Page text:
The superintendent of an Indiana school district blasted local police — and even threatened legal action — for sending extra officers to patrol the schools for free.
The issue? Well, the district considered the additional school resource officers unauthorized because the school board didn't approve them, and they weren't part of the comprehensive school safety program.
Portage Police Chief Troy Williams on Wednesday assigned two officers to township schools in addition to school resource officers already there, the Northwest Indiana Times reported.
But Williams said school officials asked the officers to leave the middle school and high school buildings, the paper said, so the officers instead stationed themselves in the schools' parking lots. Williams added to the Times that he sent the officers to the schools on Thursday and Friday as well, and again they were asked to leave and spent the day in the parking lots.
"You can't say you are committed to safe schools when you refuse free officers," Williams said Friday, according to the paper.
Portage Township Schools Superintendent Amanda Alaniz told the Times she asked Williams and Mayor James Snyder not to send the additional officers because the school board didn't approve them, and because their presence wasn't part of the district's comprehensive safety program.
"Saying that we are not caring for our students is unspeakable," Alaniz told the paper. "The problem is they want it their way. They have made it clear that they don't want any other agency in the schools except Portage."
What's the background?
After a student opened fire in a classroom in May in Noblesville, Indiana — 2 1/2 hours south of Portage — Williams and Snyder announced Portage police would add two more officers to the schools for free, the Times said.
But Alaniz in June announced it would hire part-time officers from Portage and other jurisdictions rather than using full-time Portage officers, the paper said.
Williams and Snyder didn't like the plan Alaniz outlined, so instead the district agreed to use existing full-time Portage officers as SROs but fill other positions with part-time officers from other jurisdictions, the Times reported.
Alaniz said Snyder and Williams overstepped their bounds last week by sending police to the schools without district approval, the paper noted.
"Neither have the right," she told the Times. "How dare he and the mayor override our larger plan." Alaniz added to the paper that she has the legal authority to operate the school district and must do so under school board policies.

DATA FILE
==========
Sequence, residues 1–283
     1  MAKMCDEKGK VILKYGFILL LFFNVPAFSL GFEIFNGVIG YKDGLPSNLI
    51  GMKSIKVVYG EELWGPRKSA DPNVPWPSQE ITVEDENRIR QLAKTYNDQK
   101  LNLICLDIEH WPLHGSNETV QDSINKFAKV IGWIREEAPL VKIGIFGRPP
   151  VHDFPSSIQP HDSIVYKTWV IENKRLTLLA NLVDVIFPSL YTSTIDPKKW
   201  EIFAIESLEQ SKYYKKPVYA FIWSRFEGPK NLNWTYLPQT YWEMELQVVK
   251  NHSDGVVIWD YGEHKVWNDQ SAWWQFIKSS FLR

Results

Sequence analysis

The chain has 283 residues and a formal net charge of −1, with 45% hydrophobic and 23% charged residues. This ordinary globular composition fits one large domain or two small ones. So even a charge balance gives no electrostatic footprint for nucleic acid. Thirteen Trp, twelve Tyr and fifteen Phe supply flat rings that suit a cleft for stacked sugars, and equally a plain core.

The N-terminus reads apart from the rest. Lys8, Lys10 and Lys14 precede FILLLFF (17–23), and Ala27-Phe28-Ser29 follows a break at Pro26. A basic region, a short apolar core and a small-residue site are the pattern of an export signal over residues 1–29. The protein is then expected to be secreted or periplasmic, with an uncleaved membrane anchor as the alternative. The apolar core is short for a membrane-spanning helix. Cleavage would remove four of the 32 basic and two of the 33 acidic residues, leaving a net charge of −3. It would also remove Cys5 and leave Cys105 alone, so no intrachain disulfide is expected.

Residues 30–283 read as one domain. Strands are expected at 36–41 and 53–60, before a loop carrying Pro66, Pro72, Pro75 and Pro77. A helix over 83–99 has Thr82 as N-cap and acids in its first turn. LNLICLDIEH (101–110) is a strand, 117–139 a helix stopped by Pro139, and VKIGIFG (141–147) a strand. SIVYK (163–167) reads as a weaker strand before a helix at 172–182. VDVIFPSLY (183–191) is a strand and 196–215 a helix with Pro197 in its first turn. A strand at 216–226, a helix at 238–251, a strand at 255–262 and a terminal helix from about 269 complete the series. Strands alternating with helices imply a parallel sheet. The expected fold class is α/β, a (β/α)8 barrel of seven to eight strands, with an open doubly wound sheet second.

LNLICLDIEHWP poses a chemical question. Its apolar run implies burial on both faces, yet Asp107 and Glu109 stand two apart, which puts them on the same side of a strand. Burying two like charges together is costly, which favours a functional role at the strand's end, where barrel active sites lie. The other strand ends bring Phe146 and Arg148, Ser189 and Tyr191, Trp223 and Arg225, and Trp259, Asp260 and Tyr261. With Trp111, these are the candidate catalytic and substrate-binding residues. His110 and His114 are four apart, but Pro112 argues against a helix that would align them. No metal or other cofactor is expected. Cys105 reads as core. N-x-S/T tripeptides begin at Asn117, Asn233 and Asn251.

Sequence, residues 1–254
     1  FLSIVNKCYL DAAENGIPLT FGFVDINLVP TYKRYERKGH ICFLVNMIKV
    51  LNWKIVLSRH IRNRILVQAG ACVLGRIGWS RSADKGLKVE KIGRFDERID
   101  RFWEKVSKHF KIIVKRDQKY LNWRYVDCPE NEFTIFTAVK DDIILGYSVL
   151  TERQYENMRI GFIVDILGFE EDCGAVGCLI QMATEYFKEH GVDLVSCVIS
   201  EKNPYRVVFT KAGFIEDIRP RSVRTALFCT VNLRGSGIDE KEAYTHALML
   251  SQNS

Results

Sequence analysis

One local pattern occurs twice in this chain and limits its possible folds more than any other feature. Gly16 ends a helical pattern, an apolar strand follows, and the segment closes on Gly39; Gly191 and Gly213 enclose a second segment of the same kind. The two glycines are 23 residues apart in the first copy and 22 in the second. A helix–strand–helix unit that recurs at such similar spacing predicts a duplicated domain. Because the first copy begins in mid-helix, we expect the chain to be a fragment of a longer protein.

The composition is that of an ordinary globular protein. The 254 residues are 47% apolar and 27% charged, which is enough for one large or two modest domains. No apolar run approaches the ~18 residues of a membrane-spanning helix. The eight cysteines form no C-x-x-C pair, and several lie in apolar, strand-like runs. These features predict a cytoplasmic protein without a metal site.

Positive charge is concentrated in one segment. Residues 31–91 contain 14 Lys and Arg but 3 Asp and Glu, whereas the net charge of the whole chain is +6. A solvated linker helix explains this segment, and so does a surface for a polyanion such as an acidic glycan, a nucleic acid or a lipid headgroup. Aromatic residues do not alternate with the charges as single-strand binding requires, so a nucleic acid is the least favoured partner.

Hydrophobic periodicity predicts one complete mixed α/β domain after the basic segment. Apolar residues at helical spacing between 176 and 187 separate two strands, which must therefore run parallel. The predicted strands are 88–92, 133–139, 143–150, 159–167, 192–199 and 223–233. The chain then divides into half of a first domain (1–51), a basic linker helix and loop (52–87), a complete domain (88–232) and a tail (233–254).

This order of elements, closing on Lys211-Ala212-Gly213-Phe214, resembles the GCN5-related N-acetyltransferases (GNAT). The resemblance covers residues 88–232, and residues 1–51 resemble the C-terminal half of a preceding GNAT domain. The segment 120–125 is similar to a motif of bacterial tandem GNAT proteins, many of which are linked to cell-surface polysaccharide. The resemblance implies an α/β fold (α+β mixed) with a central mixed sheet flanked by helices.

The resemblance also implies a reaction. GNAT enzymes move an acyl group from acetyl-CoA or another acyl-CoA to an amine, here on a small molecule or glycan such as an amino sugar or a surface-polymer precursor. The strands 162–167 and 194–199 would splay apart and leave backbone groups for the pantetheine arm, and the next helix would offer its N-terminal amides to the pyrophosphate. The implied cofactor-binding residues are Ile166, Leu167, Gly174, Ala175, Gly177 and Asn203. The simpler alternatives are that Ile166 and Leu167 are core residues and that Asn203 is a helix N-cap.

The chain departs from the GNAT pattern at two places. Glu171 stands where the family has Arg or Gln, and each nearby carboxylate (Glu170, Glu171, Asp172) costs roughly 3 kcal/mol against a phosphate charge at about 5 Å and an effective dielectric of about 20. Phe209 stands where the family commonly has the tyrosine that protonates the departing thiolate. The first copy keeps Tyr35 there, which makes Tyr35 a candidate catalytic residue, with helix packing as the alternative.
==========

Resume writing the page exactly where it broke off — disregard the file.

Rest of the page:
How did things escalate?
The paper said the dispute heightened Friday after Williams posted about it on his Facebook page and the police department's Facebook page — which he later deleted after some users called for protests at Alaniz's home.
Alaniz also threatened legal action in a Wednesday letter, the Times reported, which reads:
This letter serves as notification that Portage Township Schools expects the Portage Police Department and the city of Portage to adhere to the parameters outlined in our agreed-upon and board-approved school safety plan. In the event that this does not occur, Portage Township Schools will take the necessary actions up to and including filing an injunction detailing the actions invading the legal right of the school district to carry out our necessary operations in regard to the board-approved SRO plan. Furthermore, Portage Township Schools may possibly withhold payment for the assigned SROs and reconsider the finalization of the MOU (Memorandum of Understanding) due to the violation of this state statute.
What did the mayor say?
Snyder told the paper he has no problem with the district's safety plans, but additional Portage officers will continue to be assigned to township schools "especially with the heightened problems the nation has been dealing with the past two years."
"I simply have heeded their advice in what they believe is needed to adequately protect the schools. The school superintendent and Chief Williams have both put together exemplary plans that do not contradict; I believe and support both of them," the mayor continued in a written statement to the Times. "Superintendent Alaniz has provided a multi-jurisdictional approach that is great. Chief Williams and Portage have provided more resources and officers assist in making schools safer. In the end, no matter what the school’s position is (whether they want the officers in the building or we leave them in the parking lot), our schools will be safe."
(H/T: Blue Lives Matter)